Disclaimer: The views and opinions expressed by the author(s) do not represent the official position of Barbados TODAY.
by George Connolly
The COVID-19 pandemic has precipitated an economic fallout that can only be managed with borrowing, or for large economies quantitative easing. Social services and increases in spending on vaccines, tests, health care facilities and health talent is an absolute priority.
There is no option around having the extraordinary expenditure that comes with this new dynamic.
With suspended trade and travel – national economies will contract. It’s not a matter of if, but by what percentage. There is nothing normal about what is happening and the only action a government can take is to borrow and spend to support social programs to mitigate the impact on its citizens.
To criticise the actions of the Economic team and the current borrowing either reflects an ignorance of the realities of the situation or is mere political opportunism.
No one can put forward a reasonable alternative with the circumstances as they are; a contracting national GDP, reduced tax income (esp while adjusting to global tax rates with the OECD led movement) and the ongoing health pandemic. .
The real discussion is not about how we navigate the current period but how we avoid the kind of national fiscal management that would have allowed for the reserves to fall to $440 million in April of 2018.
The concern is that political leaders will mismanage things and bring the country to the brink of default, once again. Thus, I advocate that Barbados should enact a Fiscal Rules Law that puts sensible limits on the action that can be taken by any administration to avoid having the national economy totter once again on the verge of collapse.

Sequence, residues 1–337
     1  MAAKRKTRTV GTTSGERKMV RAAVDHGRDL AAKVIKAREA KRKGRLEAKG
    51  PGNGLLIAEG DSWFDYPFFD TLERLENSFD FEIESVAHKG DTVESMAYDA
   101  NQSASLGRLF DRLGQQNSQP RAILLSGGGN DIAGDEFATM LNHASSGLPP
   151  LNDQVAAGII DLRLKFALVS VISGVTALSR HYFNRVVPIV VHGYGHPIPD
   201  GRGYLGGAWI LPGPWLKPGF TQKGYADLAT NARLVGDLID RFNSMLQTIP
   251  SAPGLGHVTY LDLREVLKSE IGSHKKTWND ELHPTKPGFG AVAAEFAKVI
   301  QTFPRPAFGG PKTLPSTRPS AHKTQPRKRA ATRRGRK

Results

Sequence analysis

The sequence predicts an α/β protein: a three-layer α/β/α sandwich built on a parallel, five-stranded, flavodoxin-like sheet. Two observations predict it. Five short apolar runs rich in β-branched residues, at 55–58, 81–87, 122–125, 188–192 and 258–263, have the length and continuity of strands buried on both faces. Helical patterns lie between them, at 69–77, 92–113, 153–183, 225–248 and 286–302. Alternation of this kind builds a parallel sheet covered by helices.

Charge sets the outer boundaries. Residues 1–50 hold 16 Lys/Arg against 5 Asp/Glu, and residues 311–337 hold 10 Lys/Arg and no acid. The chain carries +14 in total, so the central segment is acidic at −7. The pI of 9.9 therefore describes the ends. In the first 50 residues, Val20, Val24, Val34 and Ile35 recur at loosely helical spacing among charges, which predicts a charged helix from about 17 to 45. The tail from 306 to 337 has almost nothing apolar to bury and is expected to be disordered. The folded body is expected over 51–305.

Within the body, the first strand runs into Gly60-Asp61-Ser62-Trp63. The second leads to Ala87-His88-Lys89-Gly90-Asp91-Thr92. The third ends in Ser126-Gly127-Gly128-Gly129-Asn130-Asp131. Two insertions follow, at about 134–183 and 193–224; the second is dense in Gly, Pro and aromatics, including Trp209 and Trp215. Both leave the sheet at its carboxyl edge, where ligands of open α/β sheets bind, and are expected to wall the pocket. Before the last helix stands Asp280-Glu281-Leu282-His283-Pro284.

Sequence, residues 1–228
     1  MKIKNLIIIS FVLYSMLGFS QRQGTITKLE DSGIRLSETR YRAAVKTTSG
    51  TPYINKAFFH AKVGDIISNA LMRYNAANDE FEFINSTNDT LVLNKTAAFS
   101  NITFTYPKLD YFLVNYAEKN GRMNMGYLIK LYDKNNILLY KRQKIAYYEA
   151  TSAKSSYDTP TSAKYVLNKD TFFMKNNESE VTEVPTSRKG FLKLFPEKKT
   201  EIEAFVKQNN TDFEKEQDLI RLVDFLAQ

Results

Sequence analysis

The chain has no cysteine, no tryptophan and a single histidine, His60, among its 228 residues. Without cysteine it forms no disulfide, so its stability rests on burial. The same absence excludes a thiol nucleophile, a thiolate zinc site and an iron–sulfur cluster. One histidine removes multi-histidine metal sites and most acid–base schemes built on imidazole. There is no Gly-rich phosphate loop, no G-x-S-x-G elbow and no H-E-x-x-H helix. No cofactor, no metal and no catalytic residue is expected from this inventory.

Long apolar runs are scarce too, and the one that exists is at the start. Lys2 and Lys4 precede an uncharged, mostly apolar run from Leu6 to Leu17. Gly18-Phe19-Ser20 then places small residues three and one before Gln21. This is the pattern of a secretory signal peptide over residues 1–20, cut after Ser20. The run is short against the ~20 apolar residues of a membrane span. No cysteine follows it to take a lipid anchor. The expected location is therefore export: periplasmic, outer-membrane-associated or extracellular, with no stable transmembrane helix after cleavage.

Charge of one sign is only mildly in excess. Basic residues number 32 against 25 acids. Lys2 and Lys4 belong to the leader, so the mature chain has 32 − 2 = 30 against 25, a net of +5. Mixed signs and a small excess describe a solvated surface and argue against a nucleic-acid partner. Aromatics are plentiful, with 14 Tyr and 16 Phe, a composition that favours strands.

Reopening restaurants and hotels is one thing. Fixing extraordinary backups in shipping networks and shortages of everything, among the most vivid examples of supply shortages holding back many parts of the economy, is harder. And a range of risks, including the hard-to-predict dynamics of COVID variants, could throw this transition to a healthy post-pandemic economy off course.
The IMF is helping Barbados and 86 other countries with $167.9B USD to address the economic effects of COVID with emergency financing, catastrophe containment, capacity development, and augment existing programs.
The role of the administration is to manage this situation well. This is par for the course when running a national economy.
This is not a crisis given the aforementioned dynamics.